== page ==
From the HSLDA E-lert Service:


5/8/2003 2:44:44 PM
Home School Legal Defense Association
Maine--Homeschool Bill Overwhelmingly Passes Legislature

From the HSLDA E-lert Service...

May 8, 2003

Dear HSLDA Members and Friends,

Good news! Your prayers have been answered, God has given us the
victory! By a vote of 31-0 in the Senate on May 6, and 121-2 in the
House on May 7, the Maine legislature passed sweeping changes to
Maine's homeschool law. Legislative Document 160 is now on its way
to the Governor's desk to be signed into law.

Passage of this bill means homeschoolers will no longer be subject to
the whims of Department of Education bureaucrats.

Here are the most significant changes:

1. Under the new law, parents file a written notice (not
"application") 10 days before the child's home instruction begins.
The notice includes the name, signature, and address of the parent or
guardian, the name and age of the student, the date home instruction
will begin, and a statement of assurance that instruction will be
provided for at least 175 days and will cover the required subject
areas (same as previously required). The notice also includes a
statement of assurance that the parents will submit a year-end

The initial notice of intent is filed simultaneously with the local
school administrative unit and with the commissioner of education.
This notice and any other information that is filed receives enhanced
privacy protection.

2. Each year thereafter the family files a simple letter telling the
commissioner and the school administrative unit whether or not the
child's home instruction program will continue. They must also
include a copy of the previous year's annual assessment. The options
for the annual assessment are the same as those available previously.

3. The law abolishes the need to seek the commissioner's approval.
Because of this, families will never have to anxiously await a letter
from the commissioner to find out if their homeschool program is
operating legally. Previously, if the Department lost or mishandled
paperwork, it could expose a family to legal jeopardy.

4. And with "approval" gone, so is the vexing four-page form used to
apply for approval. It was so complicated that one member of the
legislature's Education and Cultural Affairs Committee declared it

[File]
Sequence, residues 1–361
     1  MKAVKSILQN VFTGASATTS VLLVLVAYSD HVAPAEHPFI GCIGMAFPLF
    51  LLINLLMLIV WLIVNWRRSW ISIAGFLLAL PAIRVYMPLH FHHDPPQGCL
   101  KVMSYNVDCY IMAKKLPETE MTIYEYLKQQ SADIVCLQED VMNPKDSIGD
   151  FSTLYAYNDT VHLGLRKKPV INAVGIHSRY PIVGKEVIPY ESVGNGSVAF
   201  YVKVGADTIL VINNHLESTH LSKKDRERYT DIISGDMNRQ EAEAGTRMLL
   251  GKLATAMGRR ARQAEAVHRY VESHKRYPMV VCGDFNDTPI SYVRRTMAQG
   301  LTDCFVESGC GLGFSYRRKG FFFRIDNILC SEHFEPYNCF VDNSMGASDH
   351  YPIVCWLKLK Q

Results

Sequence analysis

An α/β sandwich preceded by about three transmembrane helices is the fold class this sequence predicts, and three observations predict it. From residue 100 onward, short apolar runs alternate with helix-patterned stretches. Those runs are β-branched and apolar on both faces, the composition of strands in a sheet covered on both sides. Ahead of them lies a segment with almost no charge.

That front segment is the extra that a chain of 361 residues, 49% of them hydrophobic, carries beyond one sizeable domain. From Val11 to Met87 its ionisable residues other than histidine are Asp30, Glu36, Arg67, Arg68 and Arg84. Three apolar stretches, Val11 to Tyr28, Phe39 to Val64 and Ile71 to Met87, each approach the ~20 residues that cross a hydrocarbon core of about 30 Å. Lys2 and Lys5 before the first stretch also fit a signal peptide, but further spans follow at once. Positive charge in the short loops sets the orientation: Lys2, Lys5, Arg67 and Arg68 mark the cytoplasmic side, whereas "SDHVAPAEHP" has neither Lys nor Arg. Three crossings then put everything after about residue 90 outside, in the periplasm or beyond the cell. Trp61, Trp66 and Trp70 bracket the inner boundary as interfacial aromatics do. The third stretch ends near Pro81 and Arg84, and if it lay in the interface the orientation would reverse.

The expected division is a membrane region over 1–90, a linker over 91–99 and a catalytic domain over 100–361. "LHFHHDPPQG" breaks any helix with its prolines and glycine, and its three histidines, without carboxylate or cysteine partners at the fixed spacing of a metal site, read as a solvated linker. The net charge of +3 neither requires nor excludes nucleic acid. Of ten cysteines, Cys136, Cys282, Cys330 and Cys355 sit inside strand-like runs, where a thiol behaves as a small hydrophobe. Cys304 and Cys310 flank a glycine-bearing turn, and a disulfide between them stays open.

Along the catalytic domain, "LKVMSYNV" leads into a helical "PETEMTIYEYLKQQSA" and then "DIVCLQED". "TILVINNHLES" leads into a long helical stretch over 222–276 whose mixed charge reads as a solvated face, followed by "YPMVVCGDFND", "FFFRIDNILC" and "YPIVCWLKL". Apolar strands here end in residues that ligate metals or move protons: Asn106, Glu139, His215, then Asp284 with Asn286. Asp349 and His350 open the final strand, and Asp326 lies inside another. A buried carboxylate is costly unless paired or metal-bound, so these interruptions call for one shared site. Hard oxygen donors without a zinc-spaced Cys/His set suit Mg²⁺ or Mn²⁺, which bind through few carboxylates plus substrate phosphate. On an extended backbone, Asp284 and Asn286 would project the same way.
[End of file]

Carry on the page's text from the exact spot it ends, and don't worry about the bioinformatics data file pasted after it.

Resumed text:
would take a "Harvard graduate" to figure it out. Gone also are the
four pages of burdensome, intrusive regulations that governed

5. The law curtails the ability of the commissioner to write
regulations. Previously he could adopt regulations despite the
overwhelming opposition of the homeschool community, with no
accountability to the legislature. Under the new law, any regulations
he attempts to adopt are considered "major substantive rules". Rules
that fall in this category can be blocked by the legislature. This
creates accountability to the elected representatives and to the
people themselves. With "approval" no longer required by law, the
commissioner's power of homeschoolers is vastly limited.

Ed and Kathy Green and Kathi Kearney with Homeschoolers of Maine have
worked tirelessly to help LD 160 pass, both publicly and behind the
scenes. Their efforts have been instrumental. We also thank our
members and friends in Maine who whose tireless efforts produced many
phone calls and visits to the legislature.

Senator Carol Weston, the principal sponsor of the bill, has worked
with tremendous enthusiasm and dedication to obtain passage of this
bill. Truly God has brought this blessing of greater liberty to
Maine homeschoolers, but we all owe a debt of gratitude to Senator
Weston for her contribution.

LD 160 was amended during the legislative process and accomplishes
somewhat less than we had initially hoped. Yet it is without question
a tremendous step forward for homeschool liberty in Maine.


Scott A. Woodruff
HSLDA Staff Attorney

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